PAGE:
Wemyss Bay railway station
||This article includes a list of references, but its sources remain unclear because it has insufficient inline citations. (June 2010)|
|Scottish Gaelic: Bàgh nan Uaimhean|
|Interior of the railway station|
|Managed by||First ScotRail|
|Number of platforms||2|
|Live arrivals/departures, station information and onward connections
from National Rail Enquiries
|Annual rail passenger usage*|
|Passenger Transport Executive|
|Original company||Greenock and Wemyss Bay Railway|
|15 May 1865||Opened|
|National Rail – UK railway stations|
|* Annual estimated passenger usage based on sales of tickets in stated financial year(s) which end or originate at Wemyss Bay from Office of Rail Regulation statistics. Methodology may vary year on year.|
|UK Railways portal|
Wemyss Bay railway station serves the village of Wemyss Bay, Inverclyde, Scotland. The station is a terminus on the Inverclyde Line, about 26 miles (42 km) west of Glasgow Central. The station incorporates the Caledonian MacBrayne ferry terminal connecting mainland Scotland to Rothesay on the Isle of Bute. The station is managed by First ScotRail.
Work began in late 1862 on the single track Greenock and Wemyss Bay Railway branching from the main Glasgow, Paisley and Greenock Railway at Port Glasgow and taking an inland route across to the coast at Inverkip before descending to Wemyss Bay. This was to connect to Clyde steamer services for Rothesay, Largs and Millport, Isle of Cumbrae, allowing a combined train and steamer journey time of an hour and a half, compared with a typical time of three hours by steamer from Glasgow. The Wemyss Bay Steamboat Company was formed to own the connecting steamers, competing with the private owners of other Clyde steamer services. The route opened on 15 May 1865, but over-ambitious timetables led to severe delays during the first year, damaging the company's reputation, and the route subsequently faced strong competition from other pierheads.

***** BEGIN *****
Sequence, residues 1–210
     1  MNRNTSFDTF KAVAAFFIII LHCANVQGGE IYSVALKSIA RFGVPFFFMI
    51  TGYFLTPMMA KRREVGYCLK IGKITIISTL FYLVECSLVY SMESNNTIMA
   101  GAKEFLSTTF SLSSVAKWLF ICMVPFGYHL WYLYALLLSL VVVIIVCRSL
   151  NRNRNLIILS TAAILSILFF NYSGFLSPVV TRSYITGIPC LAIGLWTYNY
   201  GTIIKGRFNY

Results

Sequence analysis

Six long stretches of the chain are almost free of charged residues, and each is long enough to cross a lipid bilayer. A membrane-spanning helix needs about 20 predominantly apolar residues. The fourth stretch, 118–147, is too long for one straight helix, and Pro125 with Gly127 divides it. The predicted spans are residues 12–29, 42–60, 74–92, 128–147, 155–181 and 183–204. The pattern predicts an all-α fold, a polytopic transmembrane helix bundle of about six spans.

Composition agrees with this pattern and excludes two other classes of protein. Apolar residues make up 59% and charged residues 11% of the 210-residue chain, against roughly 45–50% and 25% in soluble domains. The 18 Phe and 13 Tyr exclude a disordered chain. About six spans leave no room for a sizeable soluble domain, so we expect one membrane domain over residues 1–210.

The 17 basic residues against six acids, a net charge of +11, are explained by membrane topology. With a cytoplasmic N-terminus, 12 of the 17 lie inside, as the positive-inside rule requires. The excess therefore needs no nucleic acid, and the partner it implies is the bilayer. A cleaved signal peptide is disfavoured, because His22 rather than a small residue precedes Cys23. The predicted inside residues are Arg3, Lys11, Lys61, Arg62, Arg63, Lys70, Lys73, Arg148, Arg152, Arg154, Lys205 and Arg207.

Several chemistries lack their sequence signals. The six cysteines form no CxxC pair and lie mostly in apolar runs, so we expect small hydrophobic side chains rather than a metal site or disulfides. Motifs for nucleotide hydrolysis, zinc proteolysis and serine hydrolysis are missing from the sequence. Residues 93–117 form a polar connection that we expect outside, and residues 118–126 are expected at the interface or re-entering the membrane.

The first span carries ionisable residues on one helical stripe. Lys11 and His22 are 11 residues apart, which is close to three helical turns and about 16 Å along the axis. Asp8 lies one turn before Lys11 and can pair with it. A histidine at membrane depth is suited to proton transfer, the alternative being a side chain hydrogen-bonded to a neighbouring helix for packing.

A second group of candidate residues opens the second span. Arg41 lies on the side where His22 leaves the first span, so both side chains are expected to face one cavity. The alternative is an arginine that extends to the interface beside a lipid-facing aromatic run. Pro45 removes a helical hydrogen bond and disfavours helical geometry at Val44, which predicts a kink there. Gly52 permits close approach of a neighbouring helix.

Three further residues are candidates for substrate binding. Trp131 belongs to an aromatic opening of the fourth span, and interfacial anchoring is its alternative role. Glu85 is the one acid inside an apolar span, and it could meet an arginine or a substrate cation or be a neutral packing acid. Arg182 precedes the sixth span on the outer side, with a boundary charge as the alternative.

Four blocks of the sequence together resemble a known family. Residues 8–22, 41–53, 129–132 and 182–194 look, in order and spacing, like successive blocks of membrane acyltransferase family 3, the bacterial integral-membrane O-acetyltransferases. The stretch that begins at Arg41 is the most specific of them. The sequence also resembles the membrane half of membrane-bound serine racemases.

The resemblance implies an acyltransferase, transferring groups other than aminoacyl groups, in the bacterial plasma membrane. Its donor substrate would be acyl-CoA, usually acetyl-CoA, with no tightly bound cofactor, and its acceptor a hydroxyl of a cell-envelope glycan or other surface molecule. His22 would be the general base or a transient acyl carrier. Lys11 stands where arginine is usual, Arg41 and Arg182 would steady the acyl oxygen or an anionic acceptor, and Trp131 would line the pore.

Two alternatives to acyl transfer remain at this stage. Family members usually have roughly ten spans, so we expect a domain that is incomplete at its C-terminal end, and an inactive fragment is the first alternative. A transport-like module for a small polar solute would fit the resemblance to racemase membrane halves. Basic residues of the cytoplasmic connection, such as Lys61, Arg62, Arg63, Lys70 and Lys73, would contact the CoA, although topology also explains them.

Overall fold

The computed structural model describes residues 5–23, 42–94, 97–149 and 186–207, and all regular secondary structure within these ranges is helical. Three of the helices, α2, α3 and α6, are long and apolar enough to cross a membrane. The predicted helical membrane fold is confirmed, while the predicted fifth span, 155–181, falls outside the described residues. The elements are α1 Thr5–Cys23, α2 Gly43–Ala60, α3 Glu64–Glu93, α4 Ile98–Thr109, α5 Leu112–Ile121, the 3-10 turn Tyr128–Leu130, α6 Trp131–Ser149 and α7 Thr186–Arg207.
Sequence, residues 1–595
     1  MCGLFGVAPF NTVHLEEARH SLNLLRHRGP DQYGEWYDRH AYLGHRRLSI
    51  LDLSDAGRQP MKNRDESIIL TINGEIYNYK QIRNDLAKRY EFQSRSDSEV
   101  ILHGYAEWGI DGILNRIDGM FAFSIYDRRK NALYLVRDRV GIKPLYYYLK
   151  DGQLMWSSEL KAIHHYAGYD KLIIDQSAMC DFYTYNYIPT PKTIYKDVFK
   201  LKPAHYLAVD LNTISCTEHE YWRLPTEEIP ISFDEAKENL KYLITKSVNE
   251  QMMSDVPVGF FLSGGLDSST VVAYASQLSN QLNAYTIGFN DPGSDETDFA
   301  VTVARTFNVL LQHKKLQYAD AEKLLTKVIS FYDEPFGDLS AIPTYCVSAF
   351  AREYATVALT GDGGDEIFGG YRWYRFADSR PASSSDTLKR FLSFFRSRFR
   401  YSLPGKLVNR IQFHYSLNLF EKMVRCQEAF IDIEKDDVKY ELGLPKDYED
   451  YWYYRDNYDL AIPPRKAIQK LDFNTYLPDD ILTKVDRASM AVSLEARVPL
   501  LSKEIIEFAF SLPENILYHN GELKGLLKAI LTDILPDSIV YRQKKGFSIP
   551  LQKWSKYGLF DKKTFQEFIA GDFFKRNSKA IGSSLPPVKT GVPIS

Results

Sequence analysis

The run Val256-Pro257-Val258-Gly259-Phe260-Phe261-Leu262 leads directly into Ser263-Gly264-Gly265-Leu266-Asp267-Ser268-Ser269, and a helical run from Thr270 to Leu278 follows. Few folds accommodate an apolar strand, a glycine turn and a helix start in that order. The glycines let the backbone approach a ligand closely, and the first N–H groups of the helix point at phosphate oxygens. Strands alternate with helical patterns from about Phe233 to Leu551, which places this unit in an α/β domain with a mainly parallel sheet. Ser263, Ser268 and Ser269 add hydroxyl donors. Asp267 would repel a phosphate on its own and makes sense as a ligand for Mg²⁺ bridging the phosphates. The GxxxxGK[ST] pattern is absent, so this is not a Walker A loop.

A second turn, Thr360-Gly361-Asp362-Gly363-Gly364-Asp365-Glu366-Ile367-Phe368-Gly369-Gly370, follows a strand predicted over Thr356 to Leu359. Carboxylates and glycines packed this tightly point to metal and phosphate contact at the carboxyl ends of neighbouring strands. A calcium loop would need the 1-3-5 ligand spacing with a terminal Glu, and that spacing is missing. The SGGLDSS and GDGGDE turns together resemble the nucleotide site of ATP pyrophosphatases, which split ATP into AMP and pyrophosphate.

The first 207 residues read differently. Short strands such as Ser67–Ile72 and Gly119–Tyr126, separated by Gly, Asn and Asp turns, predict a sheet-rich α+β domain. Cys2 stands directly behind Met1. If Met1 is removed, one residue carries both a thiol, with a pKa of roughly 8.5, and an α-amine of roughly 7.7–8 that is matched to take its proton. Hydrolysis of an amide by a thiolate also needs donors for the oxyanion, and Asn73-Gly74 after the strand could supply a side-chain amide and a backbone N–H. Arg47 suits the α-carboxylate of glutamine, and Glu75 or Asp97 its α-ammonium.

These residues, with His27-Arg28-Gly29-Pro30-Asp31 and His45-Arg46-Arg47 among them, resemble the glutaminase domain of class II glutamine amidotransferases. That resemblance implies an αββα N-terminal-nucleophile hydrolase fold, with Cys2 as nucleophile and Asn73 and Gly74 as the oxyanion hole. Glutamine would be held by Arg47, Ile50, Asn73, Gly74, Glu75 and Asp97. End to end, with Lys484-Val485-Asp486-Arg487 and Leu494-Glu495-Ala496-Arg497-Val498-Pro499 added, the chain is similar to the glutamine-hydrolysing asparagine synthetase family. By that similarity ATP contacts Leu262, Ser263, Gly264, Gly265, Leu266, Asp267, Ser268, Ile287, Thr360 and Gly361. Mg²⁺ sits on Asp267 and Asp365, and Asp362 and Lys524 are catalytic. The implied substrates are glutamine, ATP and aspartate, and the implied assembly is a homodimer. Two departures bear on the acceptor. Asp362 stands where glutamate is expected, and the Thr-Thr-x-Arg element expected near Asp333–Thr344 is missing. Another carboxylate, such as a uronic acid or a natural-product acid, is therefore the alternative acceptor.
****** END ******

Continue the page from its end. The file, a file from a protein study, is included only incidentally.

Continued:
Train services were electrified in 1967.
The station was designed by James Miller in 1903 for the Caledonian Railway and is remarkable in its use of glass and steel curves. The station is noted for its architectural qualities and, although one of Scotland's finest railway buildings and Category A listed, it has suffered from neglect.
There is an hourly service daily to Glasgow Central.
|Preceding station||National Rail||Following station|
Greenock and Wemyss Bay Railway
Line and station open
- Butt (1995), page 244
- Butt, R. V. J. (1995). The Directory of Railway Stations: details every public and private passenger station, halt, platform and stopping place, past and present (1st ed.). Sparkford: Patrick Stephens Ltd. ISBN 1-8526-0508-1. OCLC 60251199.
- Clark, A.J.C. (2001). Caley to the Coast : Rothesay by Wemyss Bay (1st ed.). Usk: The Oakwood Press. ISBN 0-8536-1580-2. OCLC 48979972.
- McCrorie, Ian (1986). Clyde Pleasure Steamers (1st ed.). Greenock: Orr, Pollock & Co. Ltd. ISBN 1-869850-00-9. OCLC 20596284.
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